No deterrence…

  Sept. 10, 2014

 Globe and Mail – Sunny Dhillon
The BC Civil Liberties says that mandatory minimums don’t deter crime

B.C. rights group says mandatory minimum sentences don’t deter crime, disproportionately impact on vulnerable populations and considerably increase the costs of corrections without benefit.  The Canadian Bar Association funded the study and Eric Gottardi, chair of the criminal section of the CBA says that “we need to understand that these policies really, long term, make us all less safe, not more safe.”

 CBC News – Maureen Brosnahan
Prison suicide report focuses on lack of preventative measures  

Corrections is expecting a new report called A Three Year Review of Federal Inmate Suicides to be released today, Wednesday, Sept 10.  The report was prepared by Howard Sapers, the Correctional Investigator.  Sapers looks at almost 30 suicides and why repeated recommendations have not been implemented.    “The fact that recommendations are not being followed is not just counter-intuitive, it’s ridiculous,” says Kim Pate of the Canadian Association of Elizabeth Fry Societies   Related article: CTV News   Nearly half of federal inmate suicides occurred in segregation cells, review finds

 Winnipeg Free Press- Bruce Owen
Inmates lose telephone privacy – Rules relaxed for greater snooping 

Manitoba correctional officers as of Oct. 1 will have the power to record and file all conversations by phone whether the topic involves a crime or not.  The new practice, says government, is meant to help prevent drug trafficking in jail and to prevent three-way calls.  Officials now just need to declare to the inmate, not necessarily the other party at all, that the call is subject to monitoring.  The regulation also applies to the 65% in remand.  Calls to lawyers are exempt and the practice does not apply to federal prisons where the officials must have reasonable grounds to believe a crime is talked about or there is a threat to security.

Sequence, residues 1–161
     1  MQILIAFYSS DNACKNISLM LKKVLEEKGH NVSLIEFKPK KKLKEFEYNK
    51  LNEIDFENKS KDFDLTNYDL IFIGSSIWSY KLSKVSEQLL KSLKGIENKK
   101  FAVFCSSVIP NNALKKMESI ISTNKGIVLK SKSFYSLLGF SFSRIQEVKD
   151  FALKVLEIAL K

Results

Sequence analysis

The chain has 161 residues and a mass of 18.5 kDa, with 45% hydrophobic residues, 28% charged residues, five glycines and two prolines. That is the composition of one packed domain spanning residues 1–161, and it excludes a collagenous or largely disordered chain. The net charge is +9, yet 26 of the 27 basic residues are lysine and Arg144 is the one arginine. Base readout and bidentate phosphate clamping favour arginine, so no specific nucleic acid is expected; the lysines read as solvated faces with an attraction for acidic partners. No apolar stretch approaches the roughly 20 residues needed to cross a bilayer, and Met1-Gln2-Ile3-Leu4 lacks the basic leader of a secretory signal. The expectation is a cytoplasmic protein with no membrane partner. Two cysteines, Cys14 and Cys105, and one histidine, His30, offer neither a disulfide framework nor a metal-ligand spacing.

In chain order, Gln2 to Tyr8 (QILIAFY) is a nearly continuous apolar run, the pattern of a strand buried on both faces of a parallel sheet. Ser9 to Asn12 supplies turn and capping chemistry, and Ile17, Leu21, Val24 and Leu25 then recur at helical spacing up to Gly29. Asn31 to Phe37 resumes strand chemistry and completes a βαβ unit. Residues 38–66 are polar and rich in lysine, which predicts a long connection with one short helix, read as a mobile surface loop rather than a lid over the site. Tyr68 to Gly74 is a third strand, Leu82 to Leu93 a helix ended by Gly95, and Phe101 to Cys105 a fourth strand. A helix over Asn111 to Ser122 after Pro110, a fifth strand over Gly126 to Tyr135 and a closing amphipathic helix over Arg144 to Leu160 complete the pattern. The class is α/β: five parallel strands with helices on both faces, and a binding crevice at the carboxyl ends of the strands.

ThinkProgress – Nicole Flatow
Mentally Ill Inmates At Michigan Women’s Prison Report They Were Hog Tied Naked, Deprived Of Water 

The American Civil Liberties of Michigan has compiled witness reports from Michigan’s Huron Valley Women’s Prison that testify to deprivation of food and water for extended periods, naked and hog tied inmates, often while mentally ill inmates were in solitary confinement.   A letter from ACLU suggests that “we believe many corrections experts would characterize their (the inmates)  experience as a form of torture.”

 CBS News – John Blackstone
A change of tune for LAPD as community policing makes gains 

Watts, then and now, as LAPD switch tactics to community policing techniques rather than confrontation and escalation.  Though far from perfect, the relationship is much improved over what it was, as the consequences following a recent police killing show.

 Huffington Post (US) – Matt Ferner
World Leaders Condemn Failed Drug War, Call for Global Reform

The Global Commission on Drug Policy wants to treat addiction as a health issue rather than a crime. Global Commission on Drug Policy urged all governments to embrace models that include decriminalization of consumption, legal regulation of drug markets and strategic refocusing of criminal enforcement.  The UN wants to target some of these changes for 2016 U.N. General Assembly Special Session on Drugs (UNGASS).  Full UN Report:  Taking Control:  Pathways to Drug Policies that Work – 2014   Related article: CBC News – Kathleen Harris     Decriminalize cocaine and psychedelics, global group urges – Commission of ex-world leaders, activists claims more human approach would be fiscally prudent